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Does General Haig Deserve the Title The Butcher of the Somme

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The battle of the Somme was one of the most significant events in British war history. Over 57,000 casualties were made on the first day. Many people believed that the battle symbolised all the horrors of warfare in World War One. There has been an ongoing debate whether Douglas Haig, Britain’s commander-in-chief during the war, was right in leading many British men and even boys to their deaths. Haig had the responsibility of deciding if he would loose thousands of mens lives, and have a slight chance of winning, or to stay with the stalemate.

As General Haig was a military person he knew that lives are always going to be taken during a battle, but at this great quantity was it worth it? If his plan had worked would people be more forgiving about how many lives were lost? And if so many people believe, ‘The Butcher of the Somme’ is a correct name for him, then why are historians continuously revisiting the matter, and what exactly went wrong? The army was mostly made up of volunteers who showed extreme courage but were let down by their leaders.

We know for definite that Haig knew about the masses of barbed wire ahead of them and about the German dug outs being so deep underground and supported with concrete. The Germans had many advantages such as; being on a higher ground and they had a good defence system that Haig had under estimated. General Haig used the same tactics repeatedly which were obviously failing. The Germans were so used to the tactics of the British that they were never caught off guard. The British would fire at the Germans and once the artillery stopped the Germans knew that the British were coming to attack and they were ready for them.

Haig when he realised that his plan wasn’t working, could’ve probably saved the battle by making a few adjustments, but he didn’t. Many people believe that his tactics were outdated which he could’ve changed, he was arrogant believing that ‘god was on his side’ and shouldn’t have used bombardments as they warned the Germans they were coming. General Haig has been given so much criticism after that battle, one of the criticisms were that he just threw men onto no-mans land without a second thought.

This is not entirely true, as he had tried to use tanks instead of men, but there was no break through. Politicians had been one of the groups to criticise Haig, but the General had claimed to have told them of how great the losses there would be and they had agreed. Haig was originally placed at an attack further north-west of Flanders, however when the Germans attacked at Verdun, all plans were to be changed. Then in the summer of 1916 Haig was officially made to lead the British into battle near the River Somme.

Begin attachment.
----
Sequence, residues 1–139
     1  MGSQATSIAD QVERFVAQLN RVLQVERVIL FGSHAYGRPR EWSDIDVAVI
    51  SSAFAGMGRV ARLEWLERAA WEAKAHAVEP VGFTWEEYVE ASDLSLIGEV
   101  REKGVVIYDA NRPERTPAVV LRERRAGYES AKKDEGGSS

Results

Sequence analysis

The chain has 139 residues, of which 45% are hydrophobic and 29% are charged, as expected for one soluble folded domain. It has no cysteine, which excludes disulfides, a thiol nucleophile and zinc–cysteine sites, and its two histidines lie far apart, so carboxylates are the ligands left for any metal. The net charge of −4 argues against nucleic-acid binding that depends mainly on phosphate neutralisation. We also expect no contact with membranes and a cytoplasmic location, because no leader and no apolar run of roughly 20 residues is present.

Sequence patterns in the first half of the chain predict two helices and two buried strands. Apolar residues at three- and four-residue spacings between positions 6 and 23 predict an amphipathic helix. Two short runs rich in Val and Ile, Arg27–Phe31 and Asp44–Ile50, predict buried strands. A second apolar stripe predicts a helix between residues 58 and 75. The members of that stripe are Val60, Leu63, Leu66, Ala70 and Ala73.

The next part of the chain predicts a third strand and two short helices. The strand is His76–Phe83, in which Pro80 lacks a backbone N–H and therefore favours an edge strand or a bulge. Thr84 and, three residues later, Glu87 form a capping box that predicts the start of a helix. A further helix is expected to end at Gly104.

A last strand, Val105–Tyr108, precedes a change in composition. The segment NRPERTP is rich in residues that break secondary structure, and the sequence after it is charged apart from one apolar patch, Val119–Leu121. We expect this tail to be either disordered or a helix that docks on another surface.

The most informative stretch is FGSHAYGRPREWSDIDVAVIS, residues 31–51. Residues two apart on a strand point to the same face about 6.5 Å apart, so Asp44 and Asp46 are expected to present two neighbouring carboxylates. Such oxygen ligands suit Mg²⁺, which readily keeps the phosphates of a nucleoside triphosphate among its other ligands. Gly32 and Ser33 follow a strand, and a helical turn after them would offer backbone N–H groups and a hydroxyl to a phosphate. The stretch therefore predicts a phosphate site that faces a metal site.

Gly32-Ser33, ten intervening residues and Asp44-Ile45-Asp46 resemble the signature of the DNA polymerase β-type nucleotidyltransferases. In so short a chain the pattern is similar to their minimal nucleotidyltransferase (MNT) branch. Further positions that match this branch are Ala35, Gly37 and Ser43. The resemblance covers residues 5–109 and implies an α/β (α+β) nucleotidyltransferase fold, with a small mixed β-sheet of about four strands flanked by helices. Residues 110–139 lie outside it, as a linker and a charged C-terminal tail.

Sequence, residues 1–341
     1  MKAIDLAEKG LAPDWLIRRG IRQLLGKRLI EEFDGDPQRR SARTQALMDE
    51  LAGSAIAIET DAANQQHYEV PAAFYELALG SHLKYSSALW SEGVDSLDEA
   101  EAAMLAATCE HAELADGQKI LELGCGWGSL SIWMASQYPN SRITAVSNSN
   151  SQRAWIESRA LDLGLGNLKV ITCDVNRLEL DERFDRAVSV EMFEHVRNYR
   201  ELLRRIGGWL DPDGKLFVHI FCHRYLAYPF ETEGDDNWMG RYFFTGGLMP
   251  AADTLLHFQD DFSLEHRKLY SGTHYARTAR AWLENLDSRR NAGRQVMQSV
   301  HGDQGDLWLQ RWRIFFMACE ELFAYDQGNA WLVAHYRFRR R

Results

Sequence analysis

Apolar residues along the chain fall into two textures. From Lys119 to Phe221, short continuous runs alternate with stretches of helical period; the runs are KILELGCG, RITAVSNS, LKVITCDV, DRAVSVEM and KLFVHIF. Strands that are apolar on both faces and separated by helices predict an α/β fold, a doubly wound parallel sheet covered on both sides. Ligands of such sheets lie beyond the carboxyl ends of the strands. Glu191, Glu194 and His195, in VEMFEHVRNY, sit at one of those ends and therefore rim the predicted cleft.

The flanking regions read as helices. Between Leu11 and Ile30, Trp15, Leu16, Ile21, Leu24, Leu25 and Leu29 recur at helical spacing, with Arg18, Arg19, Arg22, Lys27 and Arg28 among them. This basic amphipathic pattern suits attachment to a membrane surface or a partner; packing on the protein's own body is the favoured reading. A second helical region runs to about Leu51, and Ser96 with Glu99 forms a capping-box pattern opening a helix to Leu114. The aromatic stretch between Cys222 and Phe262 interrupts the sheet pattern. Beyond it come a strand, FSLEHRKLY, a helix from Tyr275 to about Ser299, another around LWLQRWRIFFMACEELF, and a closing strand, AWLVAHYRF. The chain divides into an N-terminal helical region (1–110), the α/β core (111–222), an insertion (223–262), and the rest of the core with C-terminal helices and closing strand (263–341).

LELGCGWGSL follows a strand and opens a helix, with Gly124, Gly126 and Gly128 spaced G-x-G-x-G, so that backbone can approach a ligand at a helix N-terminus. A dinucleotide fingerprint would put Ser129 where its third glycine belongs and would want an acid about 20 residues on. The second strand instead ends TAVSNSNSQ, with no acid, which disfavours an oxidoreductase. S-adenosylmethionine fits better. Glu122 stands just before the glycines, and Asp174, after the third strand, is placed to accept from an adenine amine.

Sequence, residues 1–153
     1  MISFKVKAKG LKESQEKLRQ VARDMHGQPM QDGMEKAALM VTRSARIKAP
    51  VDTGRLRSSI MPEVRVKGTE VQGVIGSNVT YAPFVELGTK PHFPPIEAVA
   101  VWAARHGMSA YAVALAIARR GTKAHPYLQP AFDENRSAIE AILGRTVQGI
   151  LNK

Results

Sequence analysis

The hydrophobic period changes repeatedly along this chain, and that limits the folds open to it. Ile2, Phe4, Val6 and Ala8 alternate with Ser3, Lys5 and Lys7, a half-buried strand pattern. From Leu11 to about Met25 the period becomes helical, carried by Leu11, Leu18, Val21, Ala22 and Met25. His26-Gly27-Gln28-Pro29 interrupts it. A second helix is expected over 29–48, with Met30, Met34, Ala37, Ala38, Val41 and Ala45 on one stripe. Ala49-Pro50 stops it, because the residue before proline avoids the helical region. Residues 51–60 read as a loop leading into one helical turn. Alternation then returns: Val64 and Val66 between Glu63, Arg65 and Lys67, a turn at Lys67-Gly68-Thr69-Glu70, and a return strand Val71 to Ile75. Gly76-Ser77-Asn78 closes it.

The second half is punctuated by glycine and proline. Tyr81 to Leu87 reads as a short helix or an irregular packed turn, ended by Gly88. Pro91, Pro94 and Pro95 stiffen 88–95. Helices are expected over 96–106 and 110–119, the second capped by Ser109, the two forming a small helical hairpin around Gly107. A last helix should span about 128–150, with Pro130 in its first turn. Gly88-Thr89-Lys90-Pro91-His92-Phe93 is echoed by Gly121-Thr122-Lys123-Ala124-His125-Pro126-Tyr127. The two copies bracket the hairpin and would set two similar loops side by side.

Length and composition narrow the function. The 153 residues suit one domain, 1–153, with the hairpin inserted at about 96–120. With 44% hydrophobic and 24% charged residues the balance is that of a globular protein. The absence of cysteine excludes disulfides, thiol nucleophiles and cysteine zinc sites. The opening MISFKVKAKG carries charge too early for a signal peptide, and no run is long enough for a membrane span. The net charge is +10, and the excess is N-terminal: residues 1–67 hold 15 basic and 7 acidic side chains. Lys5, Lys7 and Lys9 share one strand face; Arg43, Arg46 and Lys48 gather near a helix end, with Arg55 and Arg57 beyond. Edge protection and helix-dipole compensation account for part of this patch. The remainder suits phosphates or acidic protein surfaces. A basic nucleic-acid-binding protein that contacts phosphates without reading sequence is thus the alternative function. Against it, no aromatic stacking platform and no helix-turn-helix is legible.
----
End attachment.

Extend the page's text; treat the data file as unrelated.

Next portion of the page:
From this we now know, that the Battle of the Somme wasn’t even originally the battle he was going to fight. After the battle Haig believed that he had completed the battles objectives, by killing some of Germany’s best troops and they saved Verdun which was the main aim to achieve. Military historians believe that Haig did do a good job as he did the best he could with the resources he had, he was well qualified and did well with the tasks in hand and he shouldn’t be compared to the generals of today as they are in completely different time and have different resources.

Ultimately the British won the war, which was the main priority, weather the Battle of the Somme helped or not. But the real question is was this all worth loosing thousands of lives and could the same results have been achieved without the enormous human sacrifice. It is easy now to look back and think that there must have been a better way to have dealt with the situation, but at the time it would have not been easy to have come up with a alternative solution.

We must judge General Haig with this in mind, but even back then there must’ve been some other way to have fought the battle without such a great loss. I believe that what happened in the summer of 1916 was wrong and could’ve been solved in a different way, but the title “Butcher of the Somme” is probably too harsh for General Haig as it is judging him by todays, knowledge and understanding. However, this is an argument that will go on continuously in history, and everyone will have different opinions.

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